Personalized nutrition is gaining momentum as informative tests and tools become more readily accessible. We touched on this topic last year and from what we can tell, the attention it receives reflects the estimated projected growth to over $17B in the next 4 years.1 I recently embarked on my own initial screening: the simple, quick, painless process provided some pretty helpful insights that are shaping the way I structure my plate.
“Personalizing is in our DNA” – we have come to expect the flexibility to request things exactly as we like them.1 Whether it’s the specific way our coffee is prepared or Christmas cards that showcase the highlights of the past year of life, it’s hardly seen as a “perk”.
WHY IS IT HAPPENING?
The Hartman group hypothesizes that America’s hyper-personalized eating culture “is a way of resisting the standardization and homogeneity of modern life by imbuing a sense of fun and premiumization”. While this may sound like a theoretical stretch, the plethora of products and services that allow consumers to tinker with health optimization are an indication of the 80% of consumers who believe their emotional and mental well-being is just as important as physical health. And, it seems that more of us are looking for ways to tailor our intake to our gaps. Take Four Sigmatic for example – they make superfood drinking mushrooms to address a range of “transformative magic” for consumers to choose from.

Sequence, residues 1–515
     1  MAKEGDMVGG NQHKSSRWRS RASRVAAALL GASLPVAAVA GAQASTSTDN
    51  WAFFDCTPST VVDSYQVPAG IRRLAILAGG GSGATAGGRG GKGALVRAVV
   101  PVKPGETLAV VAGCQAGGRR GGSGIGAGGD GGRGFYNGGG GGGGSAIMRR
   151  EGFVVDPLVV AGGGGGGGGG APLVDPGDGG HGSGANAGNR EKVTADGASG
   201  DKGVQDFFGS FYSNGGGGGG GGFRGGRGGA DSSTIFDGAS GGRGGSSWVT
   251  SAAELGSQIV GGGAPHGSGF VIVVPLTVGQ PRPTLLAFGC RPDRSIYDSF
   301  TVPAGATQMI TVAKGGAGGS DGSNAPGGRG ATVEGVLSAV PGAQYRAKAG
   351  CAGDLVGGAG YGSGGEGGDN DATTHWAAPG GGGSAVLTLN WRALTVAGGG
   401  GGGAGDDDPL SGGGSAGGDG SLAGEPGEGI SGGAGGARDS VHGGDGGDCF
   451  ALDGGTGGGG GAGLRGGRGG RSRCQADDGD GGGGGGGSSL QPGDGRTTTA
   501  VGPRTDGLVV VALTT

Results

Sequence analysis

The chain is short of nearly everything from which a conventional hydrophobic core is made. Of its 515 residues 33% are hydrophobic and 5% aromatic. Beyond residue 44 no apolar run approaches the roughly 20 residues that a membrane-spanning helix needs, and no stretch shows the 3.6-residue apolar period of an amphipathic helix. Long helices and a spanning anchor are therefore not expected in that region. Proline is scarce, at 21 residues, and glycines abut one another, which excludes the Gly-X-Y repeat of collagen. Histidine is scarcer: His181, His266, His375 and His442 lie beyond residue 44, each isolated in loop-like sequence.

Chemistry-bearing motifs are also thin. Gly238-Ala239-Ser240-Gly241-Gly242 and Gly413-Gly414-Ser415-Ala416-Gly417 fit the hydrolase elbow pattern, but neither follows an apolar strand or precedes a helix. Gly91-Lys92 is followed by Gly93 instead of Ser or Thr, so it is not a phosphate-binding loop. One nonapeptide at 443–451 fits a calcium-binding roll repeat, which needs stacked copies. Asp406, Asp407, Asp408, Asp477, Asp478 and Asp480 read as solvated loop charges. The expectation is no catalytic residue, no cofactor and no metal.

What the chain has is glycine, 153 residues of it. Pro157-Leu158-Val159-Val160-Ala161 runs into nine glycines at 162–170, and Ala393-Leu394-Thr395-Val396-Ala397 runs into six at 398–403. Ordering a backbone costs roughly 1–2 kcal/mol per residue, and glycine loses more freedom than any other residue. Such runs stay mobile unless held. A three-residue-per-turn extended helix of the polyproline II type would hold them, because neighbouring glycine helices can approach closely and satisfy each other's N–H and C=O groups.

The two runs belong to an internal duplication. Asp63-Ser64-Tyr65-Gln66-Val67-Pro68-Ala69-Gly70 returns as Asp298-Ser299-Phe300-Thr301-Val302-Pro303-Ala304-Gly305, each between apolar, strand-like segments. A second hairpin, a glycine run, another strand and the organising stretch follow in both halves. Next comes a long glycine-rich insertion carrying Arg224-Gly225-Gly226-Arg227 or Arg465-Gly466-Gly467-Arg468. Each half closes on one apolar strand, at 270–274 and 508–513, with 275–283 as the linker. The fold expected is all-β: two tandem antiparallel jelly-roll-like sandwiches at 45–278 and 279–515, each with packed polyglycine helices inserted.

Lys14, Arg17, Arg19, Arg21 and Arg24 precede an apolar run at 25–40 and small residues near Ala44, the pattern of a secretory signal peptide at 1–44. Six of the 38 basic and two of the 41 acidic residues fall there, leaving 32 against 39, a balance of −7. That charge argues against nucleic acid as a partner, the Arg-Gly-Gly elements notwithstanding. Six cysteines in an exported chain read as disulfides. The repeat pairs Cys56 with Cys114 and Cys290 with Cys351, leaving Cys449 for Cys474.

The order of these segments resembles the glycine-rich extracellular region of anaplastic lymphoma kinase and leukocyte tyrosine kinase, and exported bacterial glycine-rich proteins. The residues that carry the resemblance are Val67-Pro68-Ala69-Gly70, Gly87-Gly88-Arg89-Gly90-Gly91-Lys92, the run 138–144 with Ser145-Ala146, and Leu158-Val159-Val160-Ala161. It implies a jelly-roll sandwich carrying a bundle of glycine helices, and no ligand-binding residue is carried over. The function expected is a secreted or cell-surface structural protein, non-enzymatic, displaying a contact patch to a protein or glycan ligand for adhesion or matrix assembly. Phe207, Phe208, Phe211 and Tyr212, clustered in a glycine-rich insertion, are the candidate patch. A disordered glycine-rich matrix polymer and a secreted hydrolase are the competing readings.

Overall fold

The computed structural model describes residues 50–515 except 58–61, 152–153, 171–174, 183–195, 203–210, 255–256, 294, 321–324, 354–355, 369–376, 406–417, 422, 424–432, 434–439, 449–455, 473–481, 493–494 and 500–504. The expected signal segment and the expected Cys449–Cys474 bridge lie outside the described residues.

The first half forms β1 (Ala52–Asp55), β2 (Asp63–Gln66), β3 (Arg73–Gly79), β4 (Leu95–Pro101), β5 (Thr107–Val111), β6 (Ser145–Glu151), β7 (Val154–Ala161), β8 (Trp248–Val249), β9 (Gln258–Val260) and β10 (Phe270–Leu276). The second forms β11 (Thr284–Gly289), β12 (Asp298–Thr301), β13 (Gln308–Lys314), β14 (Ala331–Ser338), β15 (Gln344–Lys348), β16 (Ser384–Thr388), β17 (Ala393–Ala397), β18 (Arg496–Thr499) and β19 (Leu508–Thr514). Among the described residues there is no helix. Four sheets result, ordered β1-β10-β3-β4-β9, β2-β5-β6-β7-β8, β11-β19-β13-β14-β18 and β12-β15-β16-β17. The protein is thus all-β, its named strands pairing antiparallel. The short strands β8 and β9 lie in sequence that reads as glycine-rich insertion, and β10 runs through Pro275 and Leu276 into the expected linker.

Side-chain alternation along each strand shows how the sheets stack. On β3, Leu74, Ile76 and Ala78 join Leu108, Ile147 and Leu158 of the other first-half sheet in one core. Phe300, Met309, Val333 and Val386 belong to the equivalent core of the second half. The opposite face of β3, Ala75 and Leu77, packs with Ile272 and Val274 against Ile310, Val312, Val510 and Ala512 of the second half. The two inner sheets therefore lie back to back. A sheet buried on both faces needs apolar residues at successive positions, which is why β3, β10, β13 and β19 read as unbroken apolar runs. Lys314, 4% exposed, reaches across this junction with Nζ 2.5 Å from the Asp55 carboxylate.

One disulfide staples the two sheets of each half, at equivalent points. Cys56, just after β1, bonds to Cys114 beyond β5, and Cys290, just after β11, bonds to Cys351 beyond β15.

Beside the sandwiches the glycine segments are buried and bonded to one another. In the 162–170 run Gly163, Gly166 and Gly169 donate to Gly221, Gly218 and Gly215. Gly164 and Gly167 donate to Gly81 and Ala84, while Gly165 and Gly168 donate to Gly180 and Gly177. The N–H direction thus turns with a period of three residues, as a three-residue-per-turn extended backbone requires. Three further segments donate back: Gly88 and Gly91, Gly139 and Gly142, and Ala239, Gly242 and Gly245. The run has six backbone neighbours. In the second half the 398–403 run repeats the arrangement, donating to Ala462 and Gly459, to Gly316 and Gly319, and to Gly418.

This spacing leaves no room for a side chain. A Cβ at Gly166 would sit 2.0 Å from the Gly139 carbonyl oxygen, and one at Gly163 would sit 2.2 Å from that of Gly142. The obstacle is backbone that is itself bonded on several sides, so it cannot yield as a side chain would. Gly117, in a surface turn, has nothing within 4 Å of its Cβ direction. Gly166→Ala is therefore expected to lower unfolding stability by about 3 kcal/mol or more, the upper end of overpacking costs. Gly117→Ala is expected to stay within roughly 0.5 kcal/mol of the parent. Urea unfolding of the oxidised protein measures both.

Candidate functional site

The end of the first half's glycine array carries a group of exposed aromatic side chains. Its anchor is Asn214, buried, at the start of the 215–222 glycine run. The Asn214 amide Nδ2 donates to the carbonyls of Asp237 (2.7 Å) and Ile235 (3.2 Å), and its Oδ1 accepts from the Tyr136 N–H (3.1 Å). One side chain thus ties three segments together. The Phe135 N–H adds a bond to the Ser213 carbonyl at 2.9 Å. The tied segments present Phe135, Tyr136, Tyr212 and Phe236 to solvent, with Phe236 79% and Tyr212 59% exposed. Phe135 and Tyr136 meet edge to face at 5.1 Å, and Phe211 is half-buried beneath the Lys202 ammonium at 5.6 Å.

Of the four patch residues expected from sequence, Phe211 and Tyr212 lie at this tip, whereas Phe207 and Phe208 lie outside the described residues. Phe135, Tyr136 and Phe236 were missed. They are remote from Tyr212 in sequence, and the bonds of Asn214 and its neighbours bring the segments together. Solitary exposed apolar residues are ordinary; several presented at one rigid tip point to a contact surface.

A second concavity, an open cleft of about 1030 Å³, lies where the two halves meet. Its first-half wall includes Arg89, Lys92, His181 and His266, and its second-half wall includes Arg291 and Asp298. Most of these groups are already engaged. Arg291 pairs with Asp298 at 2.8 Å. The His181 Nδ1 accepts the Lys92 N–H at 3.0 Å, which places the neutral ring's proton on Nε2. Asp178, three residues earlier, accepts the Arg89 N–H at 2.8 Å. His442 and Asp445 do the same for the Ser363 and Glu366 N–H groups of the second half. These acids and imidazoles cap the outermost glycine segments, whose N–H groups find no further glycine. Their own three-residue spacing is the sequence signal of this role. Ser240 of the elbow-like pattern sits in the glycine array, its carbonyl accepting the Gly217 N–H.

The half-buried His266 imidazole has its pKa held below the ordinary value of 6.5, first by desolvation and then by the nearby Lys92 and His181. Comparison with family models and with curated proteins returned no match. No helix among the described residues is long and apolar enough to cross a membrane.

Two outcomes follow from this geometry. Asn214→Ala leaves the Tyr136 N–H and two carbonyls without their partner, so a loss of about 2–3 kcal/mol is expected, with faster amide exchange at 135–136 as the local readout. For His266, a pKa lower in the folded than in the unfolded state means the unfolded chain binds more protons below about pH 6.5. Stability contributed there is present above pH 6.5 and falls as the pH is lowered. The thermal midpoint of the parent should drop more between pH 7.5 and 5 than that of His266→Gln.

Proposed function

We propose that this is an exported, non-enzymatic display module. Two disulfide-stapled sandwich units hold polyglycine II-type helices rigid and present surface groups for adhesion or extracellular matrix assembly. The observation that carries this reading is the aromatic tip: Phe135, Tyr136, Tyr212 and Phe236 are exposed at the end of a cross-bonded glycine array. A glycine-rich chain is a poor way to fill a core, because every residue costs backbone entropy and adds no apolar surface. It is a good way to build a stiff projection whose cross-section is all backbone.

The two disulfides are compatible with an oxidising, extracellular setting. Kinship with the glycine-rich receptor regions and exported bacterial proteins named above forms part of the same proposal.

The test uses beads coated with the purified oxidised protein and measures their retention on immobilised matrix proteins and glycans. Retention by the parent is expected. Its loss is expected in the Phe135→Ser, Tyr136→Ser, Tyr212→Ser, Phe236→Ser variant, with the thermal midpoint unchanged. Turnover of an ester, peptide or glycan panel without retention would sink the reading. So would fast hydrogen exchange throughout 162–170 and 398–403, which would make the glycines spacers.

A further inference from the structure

SO, HOW DOES IT WORK?
Personalizing dietary choices based on genetics is certainly “next level” but becoming increasingly accessible. I heard Yi Sherry Zhang speak to how they approach testing at GenoPalate (“eat for your genes”), and she broke down their approach in an…approachable format.
My own experience was pretty simple – in less than two minutes, a nutritionist trimmed a few strands of my hair and had me swipe the inside of my mouth with a Qtip. From those samples, I had a comprehensive report on: vitamin deficiencies, a scan of exposure to molds and parasites, a review of my system’s performances (think: respiratory, nervous system, blood, cardio, endocrine, immune).
This is most certainly a momentum that is continuing down the path of more: personalization, information, interest, access and questions. Consumers on the forefront of this trend will look to food and beverage products to solve for specific needs they identify to improve their overall health and wellness.
1 Foodscape, Datassential, 2018.
2 Hartman Group. Food Culture Forecast. 2018